Better Together: Connecting Families and Doctors to Understand FPIES
By Cara Salazar
“I think it’s FPIES.”
When the allergy doctor uttered those words, it was the first time my husband and I ever heard the phrase “FPIES.” Our 22-month-old son was seeing an allergist for symptoms ranging from vomiting to fatigue. As parents, we were relieved and confused at hearing an actual acronym identifying what we had witnessed in our otherwise vibrant child.
We were sent on our way clinging to a stack of printed materials followed with a “he will probably outgrow it by age three” and a pat on the back. As many parents do, we turned to the internet to see what we could find. The information was scant and contradicting to our situation. For example, our son tested negative to food allergies, was not anemic, was exclusively breastfed, and he nor our daughter was a caesarean delivery. According to the scholarly medical journal articles that I read, these circumstances would have put him in the “rarely occurring” category. Yet, here we were.
Although our son didn’t fit the typical FPIES patient, his profile did align with the ever-present call for more research to be conducted. According to a 2017 article published in Allergology and Immunopathology, “the prevalence of FPIES is still unknown” (p. 209). In addition, parents typically want a confirmed diagnosis when faced with a new illness. Through my own research, I found that clinicians had limited information to make a formal diagnosis, aside from costly food challenges. This was confirmed by Current Allergy and Asthma Reports in 2018 when they addressed that there is “an overall lack of familiarity with the illness, in conjunction with symptoms that often mimic other diseases such as viral gastroenteritis, anaphylaxis, or sepsis” and that this “frequently leads to delayed diagnoses or misdiagnoses” (p. 2).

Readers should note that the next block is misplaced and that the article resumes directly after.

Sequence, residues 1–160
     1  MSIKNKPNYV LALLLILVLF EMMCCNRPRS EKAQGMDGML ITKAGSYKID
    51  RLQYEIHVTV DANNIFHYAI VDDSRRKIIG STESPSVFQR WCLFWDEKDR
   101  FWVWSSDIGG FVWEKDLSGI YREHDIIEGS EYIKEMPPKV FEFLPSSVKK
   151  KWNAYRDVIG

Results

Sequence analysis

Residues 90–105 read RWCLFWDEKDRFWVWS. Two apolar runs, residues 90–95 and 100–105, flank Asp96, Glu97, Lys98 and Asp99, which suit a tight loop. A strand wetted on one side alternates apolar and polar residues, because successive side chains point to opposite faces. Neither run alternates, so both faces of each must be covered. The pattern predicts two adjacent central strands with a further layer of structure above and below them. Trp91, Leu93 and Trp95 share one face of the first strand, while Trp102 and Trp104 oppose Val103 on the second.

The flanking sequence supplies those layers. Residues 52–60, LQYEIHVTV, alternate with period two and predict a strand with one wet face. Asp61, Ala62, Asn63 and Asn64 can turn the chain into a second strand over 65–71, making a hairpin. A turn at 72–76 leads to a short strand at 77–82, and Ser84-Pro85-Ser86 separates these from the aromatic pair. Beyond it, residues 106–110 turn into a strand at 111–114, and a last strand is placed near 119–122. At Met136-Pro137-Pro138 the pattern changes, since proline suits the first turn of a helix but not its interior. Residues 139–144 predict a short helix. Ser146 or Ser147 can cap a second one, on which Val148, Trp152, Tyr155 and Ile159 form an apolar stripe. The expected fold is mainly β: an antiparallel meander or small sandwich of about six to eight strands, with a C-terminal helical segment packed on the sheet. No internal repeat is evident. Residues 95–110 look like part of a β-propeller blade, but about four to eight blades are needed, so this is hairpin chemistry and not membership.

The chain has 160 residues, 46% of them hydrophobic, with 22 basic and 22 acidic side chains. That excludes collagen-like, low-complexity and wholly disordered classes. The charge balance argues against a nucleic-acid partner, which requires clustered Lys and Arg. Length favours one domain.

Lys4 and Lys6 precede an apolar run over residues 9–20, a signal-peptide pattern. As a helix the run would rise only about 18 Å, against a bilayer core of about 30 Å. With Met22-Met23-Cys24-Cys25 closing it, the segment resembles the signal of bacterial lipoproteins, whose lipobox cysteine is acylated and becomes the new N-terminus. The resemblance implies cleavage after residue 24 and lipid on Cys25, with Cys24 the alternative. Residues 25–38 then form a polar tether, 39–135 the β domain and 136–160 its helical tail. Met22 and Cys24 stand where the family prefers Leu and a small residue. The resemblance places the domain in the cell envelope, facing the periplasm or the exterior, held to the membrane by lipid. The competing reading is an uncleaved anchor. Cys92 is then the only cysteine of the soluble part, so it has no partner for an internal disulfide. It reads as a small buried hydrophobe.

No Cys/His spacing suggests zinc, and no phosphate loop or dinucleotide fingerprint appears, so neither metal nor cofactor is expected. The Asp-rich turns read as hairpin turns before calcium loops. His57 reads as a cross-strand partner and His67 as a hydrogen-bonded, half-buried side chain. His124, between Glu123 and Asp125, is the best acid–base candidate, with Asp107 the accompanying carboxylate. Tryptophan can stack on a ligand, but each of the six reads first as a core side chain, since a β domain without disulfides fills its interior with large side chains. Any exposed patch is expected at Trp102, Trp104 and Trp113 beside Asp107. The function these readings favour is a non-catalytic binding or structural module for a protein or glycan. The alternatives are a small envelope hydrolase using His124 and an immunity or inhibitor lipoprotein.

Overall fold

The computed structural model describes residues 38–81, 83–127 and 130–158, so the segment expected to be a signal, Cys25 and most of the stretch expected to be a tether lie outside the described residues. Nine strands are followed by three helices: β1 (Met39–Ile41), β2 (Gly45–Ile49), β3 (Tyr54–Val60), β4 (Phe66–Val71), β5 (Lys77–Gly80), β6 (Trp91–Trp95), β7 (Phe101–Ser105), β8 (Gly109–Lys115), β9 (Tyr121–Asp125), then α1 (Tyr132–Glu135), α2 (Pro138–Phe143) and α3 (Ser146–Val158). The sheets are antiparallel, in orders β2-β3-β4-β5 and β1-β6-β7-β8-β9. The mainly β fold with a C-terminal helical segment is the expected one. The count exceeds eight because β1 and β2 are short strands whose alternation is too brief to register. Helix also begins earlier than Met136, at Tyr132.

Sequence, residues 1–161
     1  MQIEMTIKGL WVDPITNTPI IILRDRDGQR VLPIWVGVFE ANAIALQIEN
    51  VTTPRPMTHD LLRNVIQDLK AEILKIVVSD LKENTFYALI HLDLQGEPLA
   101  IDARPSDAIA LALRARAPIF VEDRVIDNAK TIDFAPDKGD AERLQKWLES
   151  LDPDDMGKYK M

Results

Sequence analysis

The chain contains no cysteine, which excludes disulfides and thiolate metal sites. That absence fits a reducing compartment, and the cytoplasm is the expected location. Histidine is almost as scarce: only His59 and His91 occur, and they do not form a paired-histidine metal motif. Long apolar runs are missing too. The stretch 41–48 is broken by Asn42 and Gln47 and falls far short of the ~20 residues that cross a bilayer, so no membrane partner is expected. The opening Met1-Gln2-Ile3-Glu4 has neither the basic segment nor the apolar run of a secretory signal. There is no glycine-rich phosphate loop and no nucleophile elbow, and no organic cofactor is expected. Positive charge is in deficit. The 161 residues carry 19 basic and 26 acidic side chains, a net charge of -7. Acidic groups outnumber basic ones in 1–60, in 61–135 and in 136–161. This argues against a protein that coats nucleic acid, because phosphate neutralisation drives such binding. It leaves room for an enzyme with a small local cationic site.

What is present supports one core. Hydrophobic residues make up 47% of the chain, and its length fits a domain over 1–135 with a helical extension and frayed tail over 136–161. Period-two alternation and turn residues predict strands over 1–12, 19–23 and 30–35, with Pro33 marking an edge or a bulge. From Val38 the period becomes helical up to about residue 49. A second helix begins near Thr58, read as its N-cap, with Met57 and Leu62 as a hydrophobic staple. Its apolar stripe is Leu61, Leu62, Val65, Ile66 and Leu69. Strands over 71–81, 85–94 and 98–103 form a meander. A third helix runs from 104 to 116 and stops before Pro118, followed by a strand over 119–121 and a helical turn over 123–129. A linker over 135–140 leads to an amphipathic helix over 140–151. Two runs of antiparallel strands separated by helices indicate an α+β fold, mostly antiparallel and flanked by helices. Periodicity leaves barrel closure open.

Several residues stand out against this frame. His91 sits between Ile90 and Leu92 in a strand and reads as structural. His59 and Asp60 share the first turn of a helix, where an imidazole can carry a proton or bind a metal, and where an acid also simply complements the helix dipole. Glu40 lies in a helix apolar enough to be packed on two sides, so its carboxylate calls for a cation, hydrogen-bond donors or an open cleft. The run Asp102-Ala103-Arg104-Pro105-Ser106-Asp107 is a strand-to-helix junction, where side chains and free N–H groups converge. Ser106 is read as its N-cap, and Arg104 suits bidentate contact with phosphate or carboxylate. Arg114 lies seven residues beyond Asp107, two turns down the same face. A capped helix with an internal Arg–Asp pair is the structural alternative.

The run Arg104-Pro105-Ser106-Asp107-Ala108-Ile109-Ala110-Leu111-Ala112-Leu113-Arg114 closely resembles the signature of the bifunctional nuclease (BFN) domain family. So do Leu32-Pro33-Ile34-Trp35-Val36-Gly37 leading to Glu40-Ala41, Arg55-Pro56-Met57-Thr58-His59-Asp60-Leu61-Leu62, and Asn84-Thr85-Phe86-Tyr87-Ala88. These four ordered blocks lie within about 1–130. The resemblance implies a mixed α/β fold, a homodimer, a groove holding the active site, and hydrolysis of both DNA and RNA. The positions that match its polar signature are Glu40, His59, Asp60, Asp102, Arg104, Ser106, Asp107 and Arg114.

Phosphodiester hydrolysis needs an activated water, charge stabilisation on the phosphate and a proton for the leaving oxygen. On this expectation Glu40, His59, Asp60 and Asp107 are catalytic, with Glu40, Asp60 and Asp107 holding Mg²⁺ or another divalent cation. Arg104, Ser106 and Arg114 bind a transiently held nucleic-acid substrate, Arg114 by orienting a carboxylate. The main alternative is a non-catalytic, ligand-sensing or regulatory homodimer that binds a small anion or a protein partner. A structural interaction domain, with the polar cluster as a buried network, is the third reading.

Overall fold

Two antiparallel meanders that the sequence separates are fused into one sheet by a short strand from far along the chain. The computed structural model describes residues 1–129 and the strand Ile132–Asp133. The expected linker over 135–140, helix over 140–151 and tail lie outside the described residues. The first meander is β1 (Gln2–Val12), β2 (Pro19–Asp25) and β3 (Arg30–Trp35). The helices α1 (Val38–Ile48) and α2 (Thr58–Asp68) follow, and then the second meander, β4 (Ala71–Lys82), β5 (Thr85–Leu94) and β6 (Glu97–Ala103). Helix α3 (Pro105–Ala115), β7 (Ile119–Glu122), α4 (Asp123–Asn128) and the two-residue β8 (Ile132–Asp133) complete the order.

This gap between patients and clinicians was evident upon my son’s diagnosis, but was becoming more clear the more we learned about FPIES. Fortunately, the FPIES Foundation created the FPIES Global Patient Registry (fpiesregistry.com). This registry, the first of its kind globally, is a place where doctors, researchers and families can connect to better understand FPIES. It helps develop a strong foundation of data, potentially impacting existing and future patients, and brings the FPIES community together. Registered families can participate in research and informational surveys, knowing that through their participation they are providing valuable information for doctors to research and understand this rare condition.
Families can start a profile, find out about research studies and clinical trials, and all patient information is kept confidential.
Together, we can make our collective voice heard!
Cara Salazar has a son with FPIES and a daughter with a peanut allergy. She is a professor at Washington State University and researches the health needs of underserved populations. You can follow her at carasalazar.com.
Cherian, S. and Varshney, P. (2018). Food Protein-Induced Enterocolitis Syndrome (FPIES):
Review of recent guidelines. Current Allergy and Asthma Reports, 1-5.
Sanchez-Salguero, C.A. (2017). FPIES: The dark side of food allergy. Allergology and
Immunopathology, 45 (3), 209-211.